The overhead tie in is also attached to a small pulley protected by some Velcro. It also improves trimming of the sail´s leech because by means of the reduction less power is needed to get the leech trimmed accordingly. I just love these small details, many of them unseen. It´s the outcome of constant invest by the sail designers and sailors worldwide into the development of the sails.
Another nice touch is the UV-protection, which on these particular sails is done in an exemplary manner: First of all, the material itself. It´s quality Sunbrella-garment and not a no-name me-too brand. The thickness of the application is sufficient to block the harming rays from the sun efficiently. The whole stripe is also wrapped around the sail´s foot and leech, covering clew and tack as well. I would say, the people at Quantum´s R&D department have done a great job here.
Personal service & quality control: Gennaker-time!
After checking the standard sails the team is diligently folding the grey-silverish chatoyant garment again and re-stocking the large sails bags again. I can´t wait for delivery of this particular boat – which we have met together with her new owner a couple of weeks ago while on transport to Slovenia. Commissioning of the yacht and her first miles under these sails will be awesome – just imagining seeing the sun and the ocean reflecting on the surface of the garment. Wonderful!
Not less awe-inspiring is the huge Gennaker we unpack and have checked afterwards. Our client ordered this awesome lightwind sail in an impressive dark-blue “Navy” tone and it is a jaw-dropping beauty as well. I know from ordering my own boat how crucial the decision of colors for a yacht is – after all it will be deciding for a boat´s impression on people. Unfolding the huge Gennaker takes just seconds, the huge sailmaker´s workshop is quickly completely dominated by the sail.
This particular Gennaker is made of Fibermax 64 which is a durable garment for sails. It´s an A3 cruising Gennaker promising the best balance between maximum speed output and durablility as well as steadfastness even in a stronger breeze. While the two workers are checking the seams and stitchings, Sven is trimming the leech lines as well. The head gets tied up in the roofing of the loft and we unfurl the spinnaker sleeve.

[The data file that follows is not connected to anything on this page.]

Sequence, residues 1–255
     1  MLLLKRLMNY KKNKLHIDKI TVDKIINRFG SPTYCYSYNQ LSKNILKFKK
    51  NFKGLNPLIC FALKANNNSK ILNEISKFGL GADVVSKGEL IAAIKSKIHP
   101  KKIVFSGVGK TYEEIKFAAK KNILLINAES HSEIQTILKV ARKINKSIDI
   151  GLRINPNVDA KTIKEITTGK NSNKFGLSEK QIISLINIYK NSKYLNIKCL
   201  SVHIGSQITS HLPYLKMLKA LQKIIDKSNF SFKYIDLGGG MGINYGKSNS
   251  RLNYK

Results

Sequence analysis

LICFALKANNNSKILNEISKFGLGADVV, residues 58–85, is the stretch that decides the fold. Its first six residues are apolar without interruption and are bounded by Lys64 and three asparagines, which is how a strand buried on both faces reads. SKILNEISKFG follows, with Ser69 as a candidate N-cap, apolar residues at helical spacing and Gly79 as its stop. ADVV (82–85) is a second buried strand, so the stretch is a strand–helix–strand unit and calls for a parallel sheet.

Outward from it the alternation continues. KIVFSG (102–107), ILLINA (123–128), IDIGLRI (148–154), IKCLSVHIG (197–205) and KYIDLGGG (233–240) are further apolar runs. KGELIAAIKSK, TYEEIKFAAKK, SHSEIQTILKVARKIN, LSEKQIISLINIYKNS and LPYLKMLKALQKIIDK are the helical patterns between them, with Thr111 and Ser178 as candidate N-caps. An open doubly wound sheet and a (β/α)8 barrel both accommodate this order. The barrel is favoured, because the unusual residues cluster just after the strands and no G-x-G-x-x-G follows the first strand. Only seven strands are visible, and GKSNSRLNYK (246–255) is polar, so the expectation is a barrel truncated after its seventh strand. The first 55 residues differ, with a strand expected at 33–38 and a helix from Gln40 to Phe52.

Which is another deciding detail for a Gennaker. Quantum delivers this sail with an ATN-sleeve which brings with it some benefits over standard sleeves, like for example the Black Box sleeve. First of all the reefing line running inside the sleeve has its own denim channel. Entanglement with the sail or damage of the sail itself is not possible. Secondly, the sleeve is made of three cloth widths in different colors: This way the sailor will be able to easily and instantly see if the Gennaker or the sleeve is twisted. Another difference is the collar: With ATN, this crucial part is made of GRP and much more durable and resistant than just a plastic ring done in spray cast.
The Quantum crew prepares the Gennaker and attached the sail to the sleeve, checking its spotless quality and functionality. In this, we will be able to at once to hoist this impressive sail upon commissioning and won´t have to do this work in the marina. I am grateful for this service – clearly another pro over standard basic sails delivered in a new boat.
Dear Santa …
So, here we are. Having checked all three sails and re-stocked them in their respective bags, I´ve learned so much during my short, two hour long “internship” at Quantum Sails. I´ve learned a lot about materials and their application, about quality and differences in sails. As a friend of mine once put it: “You won´t go and by a Porsche at the one hand and try to save money on the tyres on the other.”
Saving money on sails for a sailboat would be the same. Yes, good sailcloth is expensive – some 28.000 Euros exVAT for this particular set up. But I am convinced that this is the right decision for a keen sailor. We will prove it, by the way: As soon as Covid 19 restrictions allow it we will have the Oceanis 46.1 delivered to her owner. As I will have two similar boats there at the same time, I am going to test-sail both boats “against” each other and thus be able to come up with real numbers in a direct comparison. Best thing about it: Quantum Sails Germany boss Sven agreed to accompany us on that trip for a little sails-trim lesson with the owner. Now that´s what I call service!
You may also like to read:
All articles on Skipper´s Essentials
Lightwind Sails: A test of a brand-new Code 0
Gennaker Sailing: How to tackle it